2.1. Recursion instead of for/while

Raise your hand if you've ever written something like this (javascript):

var wrestlers = getAlligatorWrestlers();
var totalBites = 0;
var l = wrestlers.length;
// Side effect on i! Boo!
for(var i=0; i < l; i++){
  // Side effect on sum! Boo!
  totalBites += wrestlers[i].timesBitten;

or this:

var allPatients = getArkhamPatients();
var analyzedPatients = [];
var l = allPatients.length;
// Side effect on i! Boo!
for(var i=0; i < l; i++){
    // Side effect on analyzedPatients! Boo!

Using side effects in this way — mutating "internal" variables — is pretty much harmless. You're creating some value to be used elsewhere, as opposed to changing an object you've received.

But Clojure's core data structures don't even allow these harmless mutations. So what can you do?

Let's ignore the fact that you can easily use map and reduce to accomplish the work done above. In these situations — iterating over some collection to build a result — the functional alternative to mutation is recursion.

Let's look at the first example, building a sum. In Clojure, there is no assignment operator. You can't associate a new value with a name within the same scope:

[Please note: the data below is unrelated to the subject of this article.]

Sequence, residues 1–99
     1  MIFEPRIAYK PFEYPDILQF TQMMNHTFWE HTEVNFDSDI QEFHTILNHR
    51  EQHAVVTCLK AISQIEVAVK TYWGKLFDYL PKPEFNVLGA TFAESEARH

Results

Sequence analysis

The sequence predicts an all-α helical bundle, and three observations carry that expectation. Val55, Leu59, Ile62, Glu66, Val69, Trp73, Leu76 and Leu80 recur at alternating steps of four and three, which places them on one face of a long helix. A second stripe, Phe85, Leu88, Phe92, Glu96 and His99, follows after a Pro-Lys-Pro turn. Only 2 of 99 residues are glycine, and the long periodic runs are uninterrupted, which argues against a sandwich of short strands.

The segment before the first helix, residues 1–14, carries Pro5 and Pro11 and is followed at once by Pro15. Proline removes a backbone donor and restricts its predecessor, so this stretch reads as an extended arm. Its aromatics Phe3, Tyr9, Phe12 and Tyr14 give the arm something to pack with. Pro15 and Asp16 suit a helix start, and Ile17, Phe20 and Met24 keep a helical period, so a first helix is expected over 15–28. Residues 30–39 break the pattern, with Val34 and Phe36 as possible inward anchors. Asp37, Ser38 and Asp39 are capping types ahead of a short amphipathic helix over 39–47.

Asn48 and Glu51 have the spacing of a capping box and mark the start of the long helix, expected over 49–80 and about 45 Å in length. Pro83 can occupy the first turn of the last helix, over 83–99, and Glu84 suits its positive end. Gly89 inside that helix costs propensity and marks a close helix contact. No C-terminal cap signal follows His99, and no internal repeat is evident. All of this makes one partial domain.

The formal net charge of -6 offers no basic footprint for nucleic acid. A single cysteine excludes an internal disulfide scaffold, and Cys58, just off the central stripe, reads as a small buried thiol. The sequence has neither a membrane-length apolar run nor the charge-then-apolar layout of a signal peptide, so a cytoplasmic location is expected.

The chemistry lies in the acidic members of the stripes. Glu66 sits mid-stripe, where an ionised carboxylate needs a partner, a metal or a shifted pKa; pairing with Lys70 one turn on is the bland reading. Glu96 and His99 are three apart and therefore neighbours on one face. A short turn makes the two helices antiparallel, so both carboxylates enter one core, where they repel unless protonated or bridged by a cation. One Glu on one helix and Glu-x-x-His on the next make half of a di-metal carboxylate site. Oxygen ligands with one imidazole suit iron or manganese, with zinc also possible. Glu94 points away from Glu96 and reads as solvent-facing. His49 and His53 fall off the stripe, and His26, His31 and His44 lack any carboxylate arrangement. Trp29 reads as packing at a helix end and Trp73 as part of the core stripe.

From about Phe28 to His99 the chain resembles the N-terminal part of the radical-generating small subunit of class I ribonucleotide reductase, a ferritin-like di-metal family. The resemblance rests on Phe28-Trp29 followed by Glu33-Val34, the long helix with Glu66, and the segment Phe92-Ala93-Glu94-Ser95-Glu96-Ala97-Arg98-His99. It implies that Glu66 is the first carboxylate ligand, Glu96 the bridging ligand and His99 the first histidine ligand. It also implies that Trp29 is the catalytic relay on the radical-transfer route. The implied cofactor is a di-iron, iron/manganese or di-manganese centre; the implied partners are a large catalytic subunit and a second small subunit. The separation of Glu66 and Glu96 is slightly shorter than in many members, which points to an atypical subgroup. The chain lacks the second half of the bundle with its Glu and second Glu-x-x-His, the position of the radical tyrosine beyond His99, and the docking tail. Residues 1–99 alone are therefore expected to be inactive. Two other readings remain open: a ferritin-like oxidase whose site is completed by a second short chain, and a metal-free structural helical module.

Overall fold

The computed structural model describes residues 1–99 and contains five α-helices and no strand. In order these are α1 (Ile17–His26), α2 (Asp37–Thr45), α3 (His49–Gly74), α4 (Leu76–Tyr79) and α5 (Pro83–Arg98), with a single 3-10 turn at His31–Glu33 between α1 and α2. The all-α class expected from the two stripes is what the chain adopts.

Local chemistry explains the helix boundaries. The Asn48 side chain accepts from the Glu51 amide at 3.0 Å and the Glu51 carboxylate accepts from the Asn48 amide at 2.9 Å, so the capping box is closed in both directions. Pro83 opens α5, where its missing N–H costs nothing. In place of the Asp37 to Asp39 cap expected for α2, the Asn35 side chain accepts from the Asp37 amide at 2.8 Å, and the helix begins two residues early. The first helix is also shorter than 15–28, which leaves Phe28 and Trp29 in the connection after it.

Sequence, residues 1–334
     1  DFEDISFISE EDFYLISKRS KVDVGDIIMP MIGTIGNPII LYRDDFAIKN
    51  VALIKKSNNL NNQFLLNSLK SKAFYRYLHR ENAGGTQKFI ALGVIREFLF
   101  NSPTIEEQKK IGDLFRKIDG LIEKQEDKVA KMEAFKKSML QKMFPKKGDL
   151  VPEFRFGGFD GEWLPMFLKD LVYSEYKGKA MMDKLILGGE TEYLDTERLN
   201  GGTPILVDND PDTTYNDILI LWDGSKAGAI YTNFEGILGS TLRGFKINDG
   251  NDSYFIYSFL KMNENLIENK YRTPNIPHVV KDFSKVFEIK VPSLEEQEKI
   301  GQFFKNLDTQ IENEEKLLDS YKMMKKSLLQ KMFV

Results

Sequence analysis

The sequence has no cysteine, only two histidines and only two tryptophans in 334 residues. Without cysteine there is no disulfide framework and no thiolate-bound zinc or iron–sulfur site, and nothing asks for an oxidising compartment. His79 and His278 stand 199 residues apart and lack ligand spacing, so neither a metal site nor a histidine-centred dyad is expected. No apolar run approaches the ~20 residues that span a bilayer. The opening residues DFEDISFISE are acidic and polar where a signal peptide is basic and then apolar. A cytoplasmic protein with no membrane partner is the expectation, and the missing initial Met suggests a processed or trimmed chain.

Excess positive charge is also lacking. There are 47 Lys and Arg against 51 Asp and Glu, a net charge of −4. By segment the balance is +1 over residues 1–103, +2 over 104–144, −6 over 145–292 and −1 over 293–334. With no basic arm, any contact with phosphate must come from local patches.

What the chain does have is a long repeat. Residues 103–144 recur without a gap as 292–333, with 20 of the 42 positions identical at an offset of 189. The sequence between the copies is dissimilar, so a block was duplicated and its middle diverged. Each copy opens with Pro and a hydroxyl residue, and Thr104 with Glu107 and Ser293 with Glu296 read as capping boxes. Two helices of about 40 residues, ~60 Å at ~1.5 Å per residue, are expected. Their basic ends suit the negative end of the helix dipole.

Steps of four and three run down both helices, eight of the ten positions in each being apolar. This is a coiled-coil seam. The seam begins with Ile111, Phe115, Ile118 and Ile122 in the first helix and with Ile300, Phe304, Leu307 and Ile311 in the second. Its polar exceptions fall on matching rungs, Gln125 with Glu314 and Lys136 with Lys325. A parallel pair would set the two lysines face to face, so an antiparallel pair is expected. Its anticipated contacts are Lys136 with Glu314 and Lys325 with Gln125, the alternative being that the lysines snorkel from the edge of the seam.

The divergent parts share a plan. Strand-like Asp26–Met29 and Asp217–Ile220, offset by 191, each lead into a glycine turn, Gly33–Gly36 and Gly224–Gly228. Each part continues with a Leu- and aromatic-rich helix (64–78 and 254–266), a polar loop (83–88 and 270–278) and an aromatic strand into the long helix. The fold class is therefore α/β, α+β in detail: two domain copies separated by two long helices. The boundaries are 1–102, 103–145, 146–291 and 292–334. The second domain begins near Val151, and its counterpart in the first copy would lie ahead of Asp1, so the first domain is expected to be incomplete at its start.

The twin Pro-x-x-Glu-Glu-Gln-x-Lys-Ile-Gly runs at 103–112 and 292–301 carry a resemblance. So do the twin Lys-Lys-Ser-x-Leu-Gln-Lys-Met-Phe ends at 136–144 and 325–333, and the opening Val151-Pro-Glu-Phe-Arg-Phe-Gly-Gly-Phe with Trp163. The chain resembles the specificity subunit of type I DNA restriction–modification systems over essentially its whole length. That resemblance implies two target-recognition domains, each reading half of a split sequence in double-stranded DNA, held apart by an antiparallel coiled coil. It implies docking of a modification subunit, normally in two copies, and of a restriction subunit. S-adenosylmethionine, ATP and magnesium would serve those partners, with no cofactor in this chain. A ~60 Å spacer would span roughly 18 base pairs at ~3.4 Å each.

(defn no-mutation
  ;; = is a boolean operation
  (= x 3)
  (println x)

  ;; let creates a new scope
  (let [x "Kafka Man"]
    (println x))

  ;; Exiting the let scope, x is the same
  (println x))
(no-mutation "Existential Angst Woman")
; => 
; Existential Angst Woman
; Kafka Man
; Existential Angst Woman

In Clojure, we can get around this apparent limitation through recursion:

(defn sum
  ;; Clojure allows overloading on arity. If you call sum with only
  ;; one argument, it just calls the two-argument body with 0 as the
  ;; second argument.
     (sum vals 0))